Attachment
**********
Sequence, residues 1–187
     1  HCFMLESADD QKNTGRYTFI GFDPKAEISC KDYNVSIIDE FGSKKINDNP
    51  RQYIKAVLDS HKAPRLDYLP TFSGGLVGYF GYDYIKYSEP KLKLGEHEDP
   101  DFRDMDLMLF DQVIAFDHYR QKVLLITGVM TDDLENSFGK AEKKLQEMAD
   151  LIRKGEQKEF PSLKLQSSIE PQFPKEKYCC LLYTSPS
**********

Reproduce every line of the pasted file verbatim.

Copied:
Sequence, residues 1–187
     1  HCFMLESADD QKNTGRYTFI GFDPKAEISC KDYNVSIIDE FGSKKINDNP
    51  RQYIKAVLDS HKAPRLDYLP TFSGGLVGYF GYDYIKYSEP KLKLGEHEDP
   101  DFRDMDLMLF DQVIAFDHYR QKVLLITGVM TDDLENSFGK AEKKLQEMAD
   151  LIRKGEQKEF PSLKLQSSIE PQFPKEKYCC LLYTSPS